View Full Version : My smal project
10-29-2011, 10:39 AM
This is a small variation on the Spanish Inquisition, the Mayans invented by my girlfriend, done in photoshop ....
Lack of color because that has to be: D
11-01-2011, 07:23 AM
The main problem I see is that there is an obvious lack of middle values. Your image tend to be mostly just bright values with really dark/black accents to define each objects contours and details, but there's not nearly enough middle values represented. You need to realize that all surfaces have inherent values. For example, in a black and white image, what's supposed to be a deep red color should actually look like a dark grey in the image, a typical orange would look like a medium grey, and so on. Think about the inherent values of all the surfaces in your image and depict them properly.
11-04-2011, 01:40 PM
Thanks....constructive and to the real opinions are welcome.
Let's try with this version, not yet finished for lack of time ... but please assessment
11-05-2011, 04:48 AM
It's better, but you need to push it even further. There's still way too much contrast on the micro-level instead of a well-planned tonal composition on the macro-level. Don't have so much really dark values on almost everything. Only use very dark values in areas that absolutely must have it. Same with really light values--they're all over your image.
Do this experiment--take a selection of paintings you really love. Now, convert them all into B/W. Now study the values of those paintings. I'm sure you'll see very clearly what I'm talking about. A good piece of artwork has excellent tonal composition for the entire image, instead of a clutter of high contrast everywhere.
11-05-2011, 01:15 PM
In addition to Lunatique's comments I find that I'm having trouble focusing on the main image of the woman riding the bull-thing because all of your values are so light. You can push the background back and move the image of the woman to the fore by simply darkening the background and then highlighting the areas you want to accentuate. I had a lot of fun doing this for like 5 minutes, and I think you can see that it helps the eyes focus on teh woman much more readily than with your original image.
I actually quite like the image btw, it's a very interesting scene, although to be honest I'd leave the parakeet out of the top left. It's in a very awkward position and really doesn't help you composition-wise. If its important for the scene maybe it's better if you find somewhere else to put it. If not I'd readily suggest just painting over it.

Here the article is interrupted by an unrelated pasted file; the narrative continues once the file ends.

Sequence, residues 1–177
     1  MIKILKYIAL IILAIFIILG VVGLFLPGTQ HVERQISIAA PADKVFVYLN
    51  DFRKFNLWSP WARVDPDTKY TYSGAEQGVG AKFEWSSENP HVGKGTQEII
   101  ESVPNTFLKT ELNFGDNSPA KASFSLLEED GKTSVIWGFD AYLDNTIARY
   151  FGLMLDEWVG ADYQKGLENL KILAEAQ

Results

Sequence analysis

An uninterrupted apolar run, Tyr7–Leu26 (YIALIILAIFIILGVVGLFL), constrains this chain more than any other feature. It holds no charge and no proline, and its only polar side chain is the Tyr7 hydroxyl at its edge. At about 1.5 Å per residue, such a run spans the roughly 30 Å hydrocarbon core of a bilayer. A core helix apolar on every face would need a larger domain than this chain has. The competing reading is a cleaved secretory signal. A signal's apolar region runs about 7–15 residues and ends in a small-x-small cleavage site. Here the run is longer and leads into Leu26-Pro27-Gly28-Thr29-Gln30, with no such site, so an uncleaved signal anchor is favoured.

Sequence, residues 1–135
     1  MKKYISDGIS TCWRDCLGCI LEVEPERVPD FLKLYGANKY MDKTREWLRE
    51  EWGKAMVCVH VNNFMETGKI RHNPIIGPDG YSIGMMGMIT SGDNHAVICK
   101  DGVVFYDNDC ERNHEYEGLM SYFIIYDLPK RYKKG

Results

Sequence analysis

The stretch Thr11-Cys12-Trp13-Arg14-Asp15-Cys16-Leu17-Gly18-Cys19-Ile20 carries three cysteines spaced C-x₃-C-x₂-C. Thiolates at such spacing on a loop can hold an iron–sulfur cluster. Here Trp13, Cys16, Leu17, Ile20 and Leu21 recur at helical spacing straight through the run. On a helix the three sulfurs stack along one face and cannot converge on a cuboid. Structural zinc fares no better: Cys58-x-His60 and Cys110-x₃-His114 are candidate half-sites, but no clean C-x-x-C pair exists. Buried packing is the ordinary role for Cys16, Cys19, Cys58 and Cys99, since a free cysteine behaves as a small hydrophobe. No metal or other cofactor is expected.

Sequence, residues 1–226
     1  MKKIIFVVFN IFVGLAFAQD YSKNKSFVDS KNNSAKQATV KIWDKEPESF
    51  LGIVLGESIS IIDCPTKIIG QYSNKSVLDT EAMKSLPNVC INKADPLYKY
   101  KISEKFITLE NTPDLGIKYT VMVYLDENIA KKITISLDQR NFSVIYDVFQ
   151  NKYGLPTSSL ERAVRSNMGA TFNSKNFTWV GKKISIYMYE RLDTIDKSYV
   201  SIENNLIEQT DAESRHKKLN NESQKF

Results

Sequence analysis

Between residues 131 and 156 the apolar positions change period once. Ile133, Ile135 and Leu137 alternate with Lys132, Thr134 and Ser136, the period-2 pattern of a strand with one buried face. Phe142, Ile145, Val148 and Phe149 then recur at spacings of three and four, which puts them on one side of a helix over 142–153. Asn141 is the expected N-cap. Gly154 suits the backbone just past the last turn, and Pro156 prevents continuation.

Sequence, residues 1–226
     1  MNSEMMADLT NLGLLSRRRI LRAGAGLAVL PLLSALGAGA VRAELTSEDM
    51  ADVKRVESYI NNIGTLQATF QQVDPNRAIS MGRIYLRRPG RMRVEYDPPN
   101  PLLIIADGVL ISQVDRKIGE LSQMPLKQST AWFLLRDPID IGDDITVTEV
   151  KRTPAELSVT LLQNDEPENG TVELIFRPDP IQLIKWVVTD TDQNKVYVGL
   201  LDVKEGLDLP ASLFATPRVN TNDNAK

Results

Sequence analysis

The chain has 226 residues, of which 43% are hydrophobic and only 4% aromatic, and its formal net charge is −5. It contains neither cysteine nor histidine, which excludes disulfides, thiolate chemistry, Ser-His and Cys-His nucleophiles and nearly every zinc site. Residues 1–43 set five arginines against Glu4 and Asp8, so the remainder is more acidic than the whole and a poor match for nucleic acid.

11-05-2011, 01:17 PM
Oh and if you don't mind my making anther suggestion I think it would be interesting in terms of story if the captured conquistador could be staring at the dismembered head instead of staring wildly off into space. While I realize that the idea may be that the conquistador has lost his mind, I think it would be visually more interesting for the viewer to see him interacting with other elements in the illustration. :)
11-05-2011, 07:13 PM
The problem here is one of texture, there are only two textures throughout the piece - busy, dark lines, or shiny, smooth surfaces. There are no differences between skin, metal, plant, feathers, or cloth.
Take the ox, for instance. They are hairy, covered in hair except for around their mouths (are they even native to that part of the world? I believe the Spaniards introduced them, and from what I recall, natives did not generally ride animals, they walked, or rode in litters carried by slaves). You've rendered it smooth, with bright specular highlights. This causes it to merge with every other smooth surface in the painting, because it's essentially identical - and there's no sense of depth, because all of the smooth surfaces live in the same frame in the composition.
Add in a very confused and scattered lighting plot, and the eye is overwhelmed, it has nowhere to rest, there's no focus. You have the same lighting on 4 figures, and they are all in the same frame, but should be in separate frames according to their depth in the scene.
You should try and redo the scene in a new document, but only use large, loose blocks of grey tones, so you can study where the lighting should be, and where things should be spacially - then work your lines, and then detail it, with an eye towards more detail on the focus - the woman - and not equally all over the piece. You can (and should) be able to lead the viewer to the things in the painting you want, with composition, detail, lighting, and texture. By controlling the level of detail, you can make the composition stronger.
11-08-2011, 06:41 PM
thanks for some helpful words , ...will be helpful:D , but on this time i dont,t have a time to improving the 'my small project', becouse i made new:D
Sory for my English.
11-09-2011, 04:47 PM
11-10-2011, 02:38 AM
You are still making the exact same mistakes in values in this new one. You need to stop making every little tiny area so contrasty going from very light to very dark values, and not all surfaces should have such light values in the highlights due to the local colors. For example, a matte surface with a dark local color (for example, red, navy blue, or other deep colors) will not have really light values for the highlight. Also, not all surfaces reflect light at the same strength--some surfaces are glossy and some are matte, and some are semi-glossy. They all reflect light at different intensities.
You really need to learn to manage your values, control the surface types in your image, and learn how to construct effective tonal composition for the entire image at the macro level, instead of obsessing with the micro level only.
11-10-2011, 08:59 PM
ok..thanks...it may be better :surprised
11-10-2011, 08:59 PM
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